Since I will no longer be Gary’s potential living liver donor my contact person at TGH has cancelled all my appointments for next week except one that she says I should keep. With the extensive testing preformed on me they discovered something wrong with my adrenal glands. It may be nothing who knows, or it could be the start of another adventure.
So I guess the big question is what would you do for your brother? Would you offer him a body part? If you did would you be able to carry through with it to the end? I’m really glad that I didn’t have to donate after all, but I still have two other brothers so you never know. Thanks for taking the time to read this and thanks to all my family members, without their support I couldn’t even have considered being a donor. Also thank you to all the people involved at TGH, those folks are very good at what they do and I can’t say enough good things about them.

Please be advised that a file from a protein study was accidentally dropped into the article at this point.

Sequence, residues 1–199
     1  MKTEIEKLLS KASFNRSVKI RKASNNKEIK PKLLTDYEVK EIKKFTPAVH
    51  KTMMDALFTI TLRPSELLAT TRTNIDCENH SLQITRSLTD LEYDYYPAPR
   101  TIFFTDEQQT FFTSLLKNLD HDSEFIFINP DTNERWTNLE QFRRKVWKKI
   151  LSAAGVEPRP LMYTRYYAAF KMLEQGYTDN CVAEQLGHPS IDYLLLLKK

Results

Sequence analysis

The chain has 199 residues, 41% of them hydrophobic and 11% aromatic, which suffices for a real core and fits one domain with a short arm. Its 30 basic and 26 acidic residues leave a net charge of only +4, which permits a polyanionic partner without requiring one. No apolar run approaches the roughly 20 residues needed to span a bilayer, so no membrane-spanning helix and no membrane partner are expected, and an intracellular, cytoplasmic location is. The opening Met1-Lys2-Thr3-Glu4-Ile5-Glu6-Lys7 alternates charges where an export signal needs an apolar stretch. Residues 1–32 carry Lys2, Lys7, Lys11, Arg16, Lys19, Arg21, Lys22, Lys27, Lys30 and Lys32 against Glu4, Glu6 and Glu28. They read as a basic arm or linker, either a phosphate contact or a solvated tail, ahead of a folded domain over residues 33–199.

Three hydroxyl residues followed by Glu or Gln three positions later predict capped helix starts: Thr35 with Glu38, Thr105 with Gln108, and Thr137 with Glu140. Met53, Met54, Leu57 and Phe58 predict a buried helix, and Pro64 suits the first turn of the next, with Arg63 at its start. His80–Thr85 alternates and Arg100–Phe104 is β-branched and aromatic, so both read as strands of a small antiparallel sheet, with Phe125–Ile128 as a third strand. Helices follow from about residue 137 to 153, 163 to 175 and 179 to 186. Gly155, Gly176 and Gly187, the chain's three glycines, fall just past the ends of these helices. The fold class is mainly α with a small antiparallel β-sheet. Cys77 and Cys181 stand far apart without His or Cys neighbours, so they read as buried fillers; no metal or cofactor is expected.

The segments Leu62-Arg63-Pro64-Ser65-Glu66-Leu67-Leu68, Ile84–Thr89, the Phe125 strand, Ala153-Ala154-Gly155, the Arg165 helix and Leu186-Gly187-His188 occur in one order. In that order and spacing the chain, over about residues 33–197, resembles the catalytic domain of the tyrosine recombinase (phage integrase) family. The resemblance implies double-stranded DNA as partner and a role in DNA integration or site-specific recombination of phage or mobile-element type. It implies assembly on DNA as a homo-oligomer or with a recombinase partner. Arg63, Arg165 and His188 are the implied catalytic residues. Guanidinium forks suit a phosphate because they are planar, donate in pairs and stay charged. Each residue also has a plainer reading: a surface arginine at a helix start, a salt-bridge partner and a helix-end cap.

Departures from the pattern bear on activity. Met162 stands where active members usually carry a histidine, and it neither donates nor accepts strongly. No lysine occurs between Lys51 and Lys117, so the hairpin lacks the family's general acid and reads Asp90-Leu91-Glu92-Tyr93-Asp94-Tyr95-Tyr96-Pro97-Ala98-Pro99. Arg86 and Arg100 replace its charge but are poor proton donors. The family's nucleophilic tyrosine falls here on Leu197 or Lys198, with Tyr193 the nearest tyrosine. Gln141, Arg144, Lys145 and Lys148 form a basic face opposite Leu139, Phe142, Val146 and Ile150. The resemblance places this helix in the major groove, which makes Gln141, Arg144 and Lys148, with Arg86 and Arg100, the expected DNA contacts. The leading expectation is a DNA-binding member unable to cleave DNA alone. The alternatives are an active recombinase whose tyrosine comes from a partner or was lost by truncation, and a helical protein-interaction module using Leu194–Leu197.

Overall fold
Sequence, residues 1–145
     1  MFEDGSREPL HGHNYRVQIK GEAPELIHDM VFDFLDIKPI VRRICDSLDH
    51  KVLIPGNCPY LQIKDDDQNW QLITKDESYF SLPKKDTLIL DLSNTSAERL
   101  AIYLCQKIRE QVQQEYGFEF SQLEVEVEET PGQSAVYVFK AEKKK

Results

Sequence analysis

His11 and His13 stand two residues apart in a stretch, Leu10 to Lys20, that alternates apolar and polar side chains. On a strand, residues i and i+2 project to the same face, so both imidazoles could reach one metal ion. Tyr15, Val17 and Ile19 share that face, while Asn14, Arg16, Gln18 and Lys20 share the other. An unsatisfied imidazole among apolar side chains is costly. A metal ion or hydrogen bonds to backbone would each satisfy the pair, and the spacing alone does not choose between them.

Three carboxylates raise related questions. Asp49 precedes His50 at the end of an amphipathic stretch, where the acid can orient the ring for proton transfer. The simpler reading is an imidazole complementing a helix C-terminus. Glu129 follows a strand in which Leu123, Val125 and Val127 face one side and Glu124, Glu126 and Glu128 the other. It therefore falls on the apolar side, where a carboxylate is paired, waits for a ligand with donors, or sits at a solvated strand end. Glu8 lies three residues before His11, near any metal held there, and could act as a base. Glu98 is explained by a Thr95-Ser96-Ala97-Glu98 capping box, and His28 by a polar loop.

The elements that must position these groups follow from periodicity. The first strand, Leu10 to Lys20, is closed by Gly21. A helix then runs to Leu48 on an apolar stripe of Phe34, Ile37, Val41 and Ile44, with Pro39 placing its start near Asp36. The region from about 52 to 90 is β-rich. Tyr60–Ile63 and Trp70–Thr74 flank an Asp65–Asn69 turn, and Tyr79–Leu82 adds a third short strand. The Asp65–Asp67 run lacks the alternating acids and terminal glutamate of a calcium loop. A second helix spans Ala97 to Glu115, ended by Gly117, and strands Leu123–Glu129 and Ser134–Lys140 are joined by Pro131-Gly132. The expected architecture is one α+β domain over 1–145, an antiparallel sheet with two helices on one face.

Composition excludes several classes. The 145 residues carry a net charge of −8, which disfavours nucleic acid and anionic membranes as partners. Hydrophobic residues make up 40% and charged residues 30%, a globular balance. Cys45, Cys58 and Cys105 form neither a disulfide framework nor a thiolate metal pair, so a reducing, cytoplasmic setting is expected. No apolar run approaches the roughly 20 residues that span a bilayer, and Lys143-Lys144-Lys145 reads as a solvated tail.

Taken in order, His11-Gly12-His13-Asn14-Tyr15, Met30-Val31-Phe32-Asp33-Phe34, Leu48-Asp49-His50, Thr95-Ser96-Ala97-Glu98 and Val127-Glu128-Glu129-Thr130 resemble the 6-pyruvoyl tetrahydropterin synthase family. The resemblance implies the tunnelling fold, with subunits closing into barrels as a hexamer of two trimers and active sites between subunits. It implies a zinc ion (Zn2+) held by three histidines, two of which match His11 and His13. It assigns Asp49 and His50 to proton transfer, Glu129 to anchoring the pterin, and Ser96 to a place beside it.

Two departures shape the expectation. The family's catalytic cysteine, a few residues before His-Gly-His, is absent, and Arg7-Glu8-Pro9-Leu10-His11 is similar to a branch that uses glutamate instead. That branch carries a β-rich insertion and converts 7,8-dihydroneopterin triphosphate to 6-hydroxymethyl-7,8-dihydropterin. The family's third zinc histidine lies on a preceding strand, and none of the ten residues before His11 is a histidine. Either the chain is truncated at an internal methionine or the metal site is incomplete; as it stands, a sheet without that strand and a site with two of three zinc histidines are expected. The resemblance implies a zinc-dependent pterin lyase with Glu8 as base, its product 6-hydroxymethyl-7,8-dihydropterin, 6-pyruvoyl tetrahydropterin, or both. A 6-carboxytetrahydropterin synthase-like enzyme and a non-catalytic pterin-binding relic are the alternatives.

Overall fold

One last thing for you to consider would be organ donation either living or deceased you have the ability to give the gift of life and should think about it. Thanks again!